1. However, there were several instances in which aid convoys either could not proceed or were prevented from carrying essential items, such as medicines. Deliveries of supplies to Deir-ez-Zor Governorate, for example, have been on hold since 1 March as several trucks are being held at the Government􏰁s Al Sukhnah checkpoint in Palmyra town, including those carrying WFP food rations for approximately 45,000 people. In Rural Damascus Governorate, despite the Ministry of Foreign Affair􏰁s agreement, a convoy to Adra Umaliyeh (government-held), and Adra Al Balad (opposition-held) on 12 March was held at a Government checkpoint for hours, making it impossible to reach the convoy’s destination and distribute relief items by nightfall. Government officials also removed medical supplies from the convoy prior to its departure on the basis that there were no functioning health facilities in the two locations. The following day, the convoy again could not reach the two locations due to sustained shooting, shelling and the lack of sufficient assurances of safe passage from Jabat Al Nusra. In Homs Governorate, the UN delivered humanitarian assistance to 20,000 people in the opposition-held area of Al Houla and to 2,000 people in government- controlled Shaheen on 7 March. However, some medicines, initially approved by the Government, were removed from the convoy by the Government security focal point.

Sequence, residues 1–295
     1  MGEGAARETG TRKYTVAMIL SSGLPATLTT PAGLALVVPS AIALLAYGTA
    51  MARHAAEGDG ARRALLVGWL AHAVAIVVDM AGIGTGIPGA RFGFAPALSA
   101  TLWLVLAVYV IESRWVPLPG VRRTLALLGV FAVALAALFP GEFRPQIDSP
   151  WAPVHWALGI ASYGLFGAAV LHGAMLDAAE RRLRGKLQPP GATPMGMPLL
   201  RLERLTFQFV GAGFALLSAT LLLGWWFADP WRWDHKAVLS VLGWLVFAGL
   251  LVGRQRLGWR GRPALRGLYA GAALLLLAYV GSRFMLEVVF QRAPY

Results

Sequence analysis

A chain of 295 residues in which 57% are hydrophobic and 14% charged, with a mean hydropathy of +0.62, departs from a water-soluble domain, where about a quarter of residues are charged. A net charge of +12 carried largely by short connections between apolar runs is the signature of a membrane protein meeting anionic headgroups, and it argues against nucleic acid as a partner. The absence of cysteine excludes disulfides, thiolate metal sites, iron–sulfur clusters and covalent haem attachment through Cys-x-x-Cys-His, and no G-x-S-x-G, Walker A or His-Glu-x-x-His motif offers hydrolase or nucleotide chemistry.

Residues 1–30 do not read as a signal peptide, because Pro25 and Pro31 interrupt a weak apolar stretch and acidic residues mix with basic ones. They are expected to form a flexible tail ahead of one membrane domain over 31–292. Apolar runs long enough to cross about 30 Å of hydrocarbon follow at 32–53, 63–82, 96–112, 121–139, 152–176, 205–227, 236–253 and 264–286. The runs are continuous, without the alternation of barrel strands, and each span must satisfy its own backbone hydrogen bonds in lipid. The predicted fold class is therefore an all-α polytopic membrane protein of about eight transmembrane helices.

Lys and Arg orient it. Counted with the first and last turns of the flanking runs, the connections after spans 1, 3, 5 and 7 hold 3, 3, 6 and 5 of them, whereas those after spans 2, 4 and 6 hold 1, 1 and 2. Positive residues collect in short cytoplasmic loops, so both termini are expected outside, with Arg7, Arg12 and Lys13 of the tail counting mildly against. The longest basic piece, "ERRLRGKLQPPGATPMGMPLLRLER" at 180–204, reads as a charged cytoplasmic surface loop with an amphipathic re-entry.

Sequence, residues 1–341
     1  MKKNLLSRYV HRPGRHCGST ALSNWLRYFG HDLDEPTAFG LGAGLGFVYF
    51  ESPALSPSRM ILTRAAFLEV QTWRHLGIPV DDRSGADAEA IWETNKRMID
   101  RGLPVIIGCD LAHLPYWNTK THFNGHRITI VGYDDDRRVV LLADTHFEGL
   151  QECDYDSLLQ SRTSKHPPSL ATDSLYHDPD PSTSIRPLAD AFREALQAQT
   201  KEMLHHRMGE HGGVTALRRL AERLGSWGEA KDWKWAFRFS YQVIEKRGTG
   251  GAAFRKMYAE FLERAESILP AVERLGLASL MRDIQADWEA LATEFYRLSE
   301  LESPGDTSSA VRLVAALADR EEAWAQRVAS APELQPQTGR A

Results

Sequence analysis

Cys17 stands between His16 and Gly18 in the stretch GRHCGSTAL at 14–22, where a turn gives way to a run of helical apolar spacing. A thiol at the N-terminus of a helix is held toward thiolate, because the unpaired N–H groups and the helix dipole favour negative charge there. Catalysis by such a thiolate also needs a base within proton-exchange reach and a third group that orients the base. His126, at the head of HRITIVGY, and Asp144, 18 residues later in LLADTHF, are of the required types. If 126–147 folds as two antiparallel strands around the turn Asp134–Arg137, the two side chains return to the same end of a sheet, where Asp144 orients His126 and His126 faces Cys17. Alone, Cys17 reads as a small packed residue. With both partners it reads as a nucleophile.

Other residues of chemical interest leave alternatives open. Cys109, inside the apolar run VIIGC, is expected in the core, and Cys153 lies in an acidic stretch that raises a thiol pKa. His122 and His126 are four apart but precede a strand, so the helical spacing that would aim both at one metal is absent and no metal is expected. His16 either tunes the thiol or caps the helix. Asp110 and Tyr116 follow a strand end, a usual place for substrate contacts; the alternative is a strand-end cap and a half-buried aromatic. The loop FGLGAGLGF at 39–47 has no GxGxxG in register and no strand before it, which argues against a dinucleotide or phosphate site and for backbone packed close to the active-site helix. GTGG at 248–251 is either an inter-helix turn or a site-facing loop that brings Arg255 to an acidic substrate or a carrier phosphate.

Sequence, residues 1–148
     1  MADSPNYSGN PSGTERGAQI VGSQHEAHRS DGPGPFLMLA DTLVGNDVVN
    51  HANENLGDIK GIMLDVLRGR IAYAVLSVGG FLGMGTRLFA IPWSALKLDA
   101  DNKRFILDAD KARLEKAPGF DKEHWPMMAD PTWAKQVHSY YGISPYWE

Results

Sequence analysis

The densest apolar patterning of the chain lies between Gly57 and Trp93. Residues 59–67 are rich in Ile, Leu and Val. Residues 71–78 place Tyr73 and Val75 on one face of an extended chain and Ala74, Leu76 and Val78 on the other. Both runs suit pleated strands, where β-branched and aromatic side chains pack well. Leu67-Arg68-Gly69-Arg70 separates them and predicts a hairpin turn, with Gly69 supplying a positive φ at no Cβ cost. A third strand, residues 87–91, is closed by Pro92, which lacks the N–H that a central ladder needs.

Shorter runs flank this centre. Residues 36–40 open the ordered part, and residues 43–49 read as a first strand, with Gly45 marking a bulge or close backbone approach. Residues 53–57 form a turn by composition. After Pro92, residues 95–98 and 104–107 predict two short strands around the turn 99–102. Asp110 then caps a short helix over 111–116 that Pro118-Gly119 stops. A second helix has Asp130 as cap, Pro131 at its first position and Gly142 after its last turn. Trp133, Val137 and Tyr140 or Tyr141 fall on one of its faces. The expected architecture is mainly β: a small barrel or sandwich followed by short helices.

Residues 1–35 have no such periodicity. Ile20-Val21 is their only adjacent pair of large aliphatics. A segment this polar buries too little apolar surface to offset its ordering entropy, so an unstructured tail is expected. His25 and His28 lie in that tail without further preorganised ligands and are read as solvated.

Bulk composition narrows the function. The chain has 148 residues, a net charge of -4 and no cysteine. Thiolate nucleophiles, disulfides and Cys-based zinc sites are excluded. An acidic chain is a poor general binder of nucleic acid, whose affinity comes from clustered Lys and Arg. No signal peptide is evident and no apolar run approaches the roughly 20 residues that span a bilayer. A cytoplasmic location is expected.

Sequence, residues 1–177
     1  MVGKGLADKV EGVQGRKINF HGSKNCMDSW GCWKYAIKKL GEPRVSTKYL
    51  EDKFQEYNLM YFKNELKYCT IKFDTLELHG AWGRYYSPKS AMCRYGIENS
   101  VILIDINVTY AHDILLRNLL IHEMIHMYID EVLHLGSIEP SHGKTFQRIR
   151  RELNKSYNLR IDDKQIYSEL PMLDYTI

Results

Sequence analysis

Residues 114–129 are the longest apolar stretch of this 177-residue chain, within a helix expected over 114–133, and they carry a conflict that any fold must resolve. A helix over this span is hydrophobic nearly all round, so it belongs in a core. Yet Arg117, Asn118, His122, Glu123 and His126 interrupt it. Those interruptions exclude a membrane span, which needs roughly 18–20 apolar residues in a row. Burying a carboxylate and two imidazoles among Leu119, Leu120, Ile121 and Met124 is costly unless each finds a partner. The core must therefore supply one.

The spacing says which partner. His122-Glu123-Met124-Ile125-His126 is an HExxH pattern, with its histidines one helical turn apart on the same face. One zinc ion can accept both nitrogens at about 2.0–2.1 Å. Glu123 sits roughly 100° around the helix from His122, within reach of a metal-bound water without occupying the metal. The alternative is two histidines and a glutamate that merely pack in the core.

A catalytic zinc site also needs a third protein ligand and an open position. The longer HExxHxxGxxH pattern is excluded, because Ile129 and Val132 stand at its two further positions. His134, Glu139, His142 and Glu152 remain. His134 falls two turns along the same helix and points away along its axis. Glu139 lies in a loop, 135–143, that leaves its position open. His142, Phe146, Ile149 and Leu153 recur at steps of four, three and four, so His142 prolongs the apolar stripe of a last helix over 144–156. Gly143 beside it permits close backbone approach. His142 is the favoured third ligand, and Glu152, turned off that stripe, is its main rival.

2. Many of the 258 hard to reach areas have yet to be reached with assistance (see map attached). These include locations that host large numbers of Palestine refugees, such as Khan Eshieh Camp, in Rural Damascus, and Mzereib and Jillin, in Dara􏰁a Governorate. The latter have been under the control of opposition forces since 2012 and UNRWA has not, to date, been permitted to conduct cross-line missions.

c) Cross-borderassistance

34. Following repeated requests from the Emergency Relief Coordinator to the Government of Syria for permission to use the shortest routes possible to get to people in need, including cross border, on 22 November 2013, the Syrian Government informed the Secretary-General in writing of its decision to allow the entry of humanitarian aid through official border crossings with Lebanon, Jordan and Iraq. The Syrian Government has repeatedly said that using border crossing points from Turkey, which are not under its control ‘is a red line’. Relief supplies continued to transit through the official Government controlled crossings with Lebanon and Jordan. However, the Al-Ya􏰁rubiyah crossing with Iraq remained closed as the Government of

Syria objected to the raising of the Democratic Union Party (PYD) Kurdish flag there. Given the urgent need to deliver supplies to Al-Hasakeh, where 500,000 people have been without assistance for over six months, United Nations agencies organized numerous airlifts from Erbil and Damascus to Qamishly as negotiations continued to secure the opening of the border crossing. However, these airlifts are a limited and highly cost-ineffective alternative to land access.